The study, which looked at how workers from 11 cities in nine countries were faring mid-2021, compared to their pre-Covid economic conditions, was carried out with the aid of a grant from the International Development Research Centre, Ottawa, Canada.
According to the research, the average number of days worked per week was only four in mid-2021, lower than 5.5 in the pre-Covid period.
By mid-2021 the typical informal economy worker was only earning 64% of their pre-Covid earnings, the study found. Furthermore, four in every ten (40%) domestic workers, street vendors and waste pickers were still earning less than 75% of their pre-Covid earnings in mid-2021.
Home-based workers were among the hardest hit. In mid-2021 their earnings were only 2% of pre-pandemic levels.
Many informal urban workers found themselves unable to secure food for themselves and their families. A third of respondents in mid-2021 said an adult and/or child in their household had gone hungry over the last month while 57% reported challenges with dietary diversity and/or skipping meals.
In terms of access to government cash support, 48% of respondents said they needed capital to resume their work, but only 9% of these used government relief grants for this purpose, and only 7% received government loans. The percentages of workers who received forgiveness of rent, utilities and/or school tuition were in the single digits.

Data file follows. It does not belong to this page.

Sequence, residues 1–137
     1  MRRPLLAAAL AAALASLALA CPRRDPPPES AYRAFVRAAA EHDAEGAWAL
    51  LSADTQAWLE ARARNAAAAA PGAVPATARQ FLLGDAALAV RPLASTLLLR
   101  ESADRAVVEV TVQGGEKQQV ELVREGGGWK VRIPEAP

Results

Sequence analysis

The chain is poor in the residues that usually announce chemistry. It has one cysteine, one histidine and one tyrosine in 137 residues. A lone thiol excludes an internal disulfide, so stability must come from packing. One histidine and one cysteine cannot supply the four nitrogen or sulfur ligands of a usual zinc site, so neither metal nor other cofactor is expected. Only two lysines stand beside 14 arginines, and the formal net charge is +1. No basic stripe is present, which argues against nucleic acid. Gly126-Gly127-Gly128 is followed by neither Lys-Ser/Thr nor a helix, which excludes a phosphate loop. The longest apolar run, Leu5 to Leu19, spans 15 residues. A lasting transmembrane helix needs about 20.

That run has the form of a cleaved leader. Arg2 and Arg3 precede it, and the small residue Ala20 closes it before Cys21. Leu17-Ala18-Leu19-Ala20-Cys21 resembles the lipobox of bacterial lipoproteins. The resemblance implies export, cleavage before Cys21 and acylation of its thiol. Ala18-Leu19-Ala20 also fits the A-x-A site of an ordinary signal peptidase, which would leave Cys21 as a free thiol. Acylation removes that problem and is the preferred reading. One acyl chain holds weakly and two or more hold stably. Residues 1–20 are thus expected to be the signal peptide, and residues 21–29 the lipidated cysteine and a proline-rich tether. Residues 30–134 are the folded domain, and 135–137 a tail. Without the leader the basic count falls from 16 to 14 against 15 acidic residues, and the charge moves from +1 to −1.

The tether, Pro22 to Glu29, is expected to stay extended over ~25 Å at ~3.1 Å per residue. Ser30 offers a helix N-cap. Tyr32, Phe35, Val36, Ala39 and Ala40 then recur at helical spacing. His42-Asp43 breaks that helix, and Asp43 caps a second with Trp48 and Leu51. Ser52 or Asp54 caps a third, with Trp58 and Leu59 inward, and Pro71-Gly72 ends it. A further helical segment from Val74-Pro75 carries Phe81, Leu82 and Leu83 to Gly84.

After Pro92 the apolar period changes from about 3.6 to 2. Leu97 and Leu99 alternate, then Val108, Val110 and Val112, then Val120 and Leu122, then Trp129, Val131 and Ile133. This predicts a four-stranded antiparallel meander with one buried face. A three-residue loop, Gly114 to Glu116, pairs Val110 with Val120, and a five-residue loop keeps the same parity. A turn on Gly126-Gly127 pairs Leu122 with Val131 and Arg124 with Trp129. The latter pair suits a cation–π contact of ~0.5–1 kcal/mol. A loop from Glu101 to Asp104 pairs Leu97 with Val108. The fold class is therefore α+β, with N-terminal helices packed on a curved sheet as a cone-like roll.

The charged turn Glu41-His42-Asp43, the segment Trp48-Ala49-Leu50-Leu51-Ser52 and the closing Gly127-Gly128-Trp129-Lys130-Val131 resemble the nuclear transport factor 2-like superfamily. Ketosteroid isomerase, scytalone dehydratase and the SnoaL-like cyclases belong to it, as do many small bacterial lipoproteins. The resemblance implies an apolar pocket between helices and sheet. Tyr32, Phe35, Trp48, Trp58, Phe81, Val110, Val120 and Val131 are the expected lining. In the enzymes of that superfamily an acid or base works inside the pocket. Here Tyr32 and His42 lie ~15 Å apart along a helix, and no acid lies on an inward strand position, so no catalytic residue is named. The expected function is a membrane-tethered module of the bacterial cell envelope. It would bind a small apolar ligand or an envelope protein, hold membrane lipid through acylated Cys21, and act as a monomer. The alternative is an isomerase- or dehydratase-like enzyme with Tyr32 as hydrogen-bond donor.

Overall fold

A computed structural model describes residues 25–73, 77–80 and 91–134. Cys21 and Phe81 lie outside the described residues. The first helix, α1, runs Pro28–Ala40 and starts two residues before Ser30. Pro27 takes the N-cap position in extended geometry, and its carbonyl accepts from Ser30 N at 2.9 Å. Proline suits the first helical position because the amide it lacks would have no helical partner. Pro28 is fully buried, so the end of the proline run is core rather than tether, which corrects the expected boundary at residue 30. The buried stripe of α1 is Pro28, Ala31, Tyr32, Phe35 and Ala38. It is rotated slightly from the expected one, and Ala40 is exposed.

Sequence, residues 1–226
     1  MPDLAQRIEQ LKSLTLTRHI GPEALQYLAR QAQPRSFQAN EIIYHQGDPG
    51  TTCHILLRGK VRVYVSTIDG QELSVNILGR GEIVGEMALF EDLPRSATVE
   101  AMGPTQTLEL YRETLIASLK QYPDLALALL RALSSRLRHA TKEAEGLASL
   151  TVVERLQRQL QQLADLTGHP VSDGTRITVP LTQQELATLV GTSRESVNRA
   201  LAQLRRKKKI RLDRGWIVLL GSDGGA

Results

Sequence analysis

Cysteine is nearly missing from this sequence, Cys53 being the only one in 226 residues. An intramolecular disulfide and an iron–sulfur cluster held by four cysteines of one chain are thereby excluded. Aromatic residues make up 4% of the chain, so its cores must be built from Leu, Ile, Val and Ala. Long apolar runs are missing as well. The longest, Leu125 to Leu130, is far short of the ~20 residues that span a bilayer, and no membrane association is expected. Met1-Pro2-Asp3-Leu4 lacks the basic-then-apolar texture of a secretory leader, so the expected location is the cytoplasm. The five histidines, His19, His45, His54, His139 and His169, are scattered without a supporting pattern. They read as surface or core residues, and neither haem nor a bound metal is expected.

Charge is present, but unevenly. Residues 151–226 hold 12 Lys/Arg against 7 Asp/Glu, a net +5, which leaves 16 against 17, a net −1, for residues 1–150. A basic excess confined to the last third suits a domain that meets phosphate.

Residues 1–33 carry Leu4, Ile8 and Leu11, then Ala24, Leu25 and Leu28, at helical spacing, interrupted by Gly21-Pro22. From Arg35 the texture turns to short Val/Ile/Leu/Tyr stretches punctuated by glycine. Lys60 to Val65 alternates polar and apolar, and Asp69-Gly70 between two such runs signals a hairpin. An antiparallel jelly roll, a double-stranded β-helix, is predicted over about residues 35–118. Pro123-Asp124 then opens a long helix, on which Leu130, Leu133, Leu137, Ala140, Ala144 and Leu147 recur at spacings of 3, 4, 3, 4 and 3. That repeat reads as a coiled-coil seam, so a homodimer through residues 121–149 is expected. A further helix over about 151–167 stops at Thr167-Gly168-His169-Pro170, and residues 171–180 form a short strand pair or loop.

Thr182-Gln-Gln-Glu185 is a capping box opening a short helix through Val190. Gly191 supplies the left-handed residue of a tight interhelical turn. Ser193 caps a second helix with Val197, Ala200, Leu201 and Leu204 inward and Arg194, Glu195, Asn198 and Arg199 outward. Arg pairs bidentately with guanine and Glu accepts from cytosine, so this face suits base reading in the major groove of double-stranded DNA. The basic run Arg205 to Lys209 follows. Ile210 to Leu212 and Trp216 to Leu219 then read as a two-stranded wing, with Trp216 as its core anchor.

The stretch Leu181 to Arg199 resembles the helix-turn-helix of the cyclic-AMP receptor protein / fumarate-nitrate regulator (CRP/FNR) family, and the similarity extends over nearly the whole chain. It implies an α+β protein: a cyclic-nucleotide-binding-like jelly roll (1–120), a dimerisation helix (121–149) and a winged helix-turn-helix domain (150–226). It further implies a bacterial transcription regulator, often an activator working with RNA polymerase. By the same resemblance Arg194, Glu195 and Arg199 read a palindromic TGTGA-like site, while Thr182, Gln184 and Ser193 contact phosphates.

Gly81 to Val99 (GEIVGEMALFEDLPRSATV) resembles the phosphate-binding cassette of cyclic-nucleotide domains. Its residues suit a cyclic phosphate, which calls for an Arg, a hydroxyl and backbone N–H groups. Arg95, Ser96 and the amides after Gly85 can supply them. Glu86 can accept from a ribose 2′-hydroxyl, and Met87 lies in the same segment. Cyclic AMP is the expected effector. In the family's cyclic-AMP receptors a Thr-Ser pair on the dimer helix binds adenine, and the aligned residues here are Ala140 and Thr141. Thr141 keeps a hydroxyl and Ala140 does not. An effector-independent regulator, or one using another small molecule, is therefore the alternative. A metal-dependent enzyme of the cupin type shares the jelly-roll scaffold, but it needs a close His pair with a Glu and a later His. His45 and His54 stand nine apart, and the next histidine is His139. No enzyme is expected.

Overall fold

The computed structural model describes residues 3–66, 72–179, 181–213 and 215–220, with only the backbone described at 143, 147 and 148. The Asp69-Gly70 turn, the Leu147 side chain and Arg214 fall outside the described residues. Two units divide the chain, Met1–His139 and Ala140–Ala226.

To cope with these challenges many informal workers had to take out loans. According to the study, respondents were forced to borrow money (46%), draw down on already meagre savings (35%), or reduce household spending on non-food (26%) and food (23%) items.
The study also points out that access to vaccines also varied, with respondents in countries in the global South trailing their Northern counterparts in vaccination rates.
Based on these findings, the study makes several recommendations to governments and global institutions, including provision of immediate material needs such as food and cash grants as well as low-interest loans and expanding social protection, including access to social insurance, health care and basic income support on terms equal to those of formal workers.
The report also suggests that governments provide an enabling policy and legal framework for informal workers, with inclusive urban planning for the self-employed, minimum wages or piece rates, fair working hours, and health and safety requirements for employees and dependent contractors.
Furthermore, the study recommends ending punitive practices such as confiscation, fines and evictions for workers in the informal economy.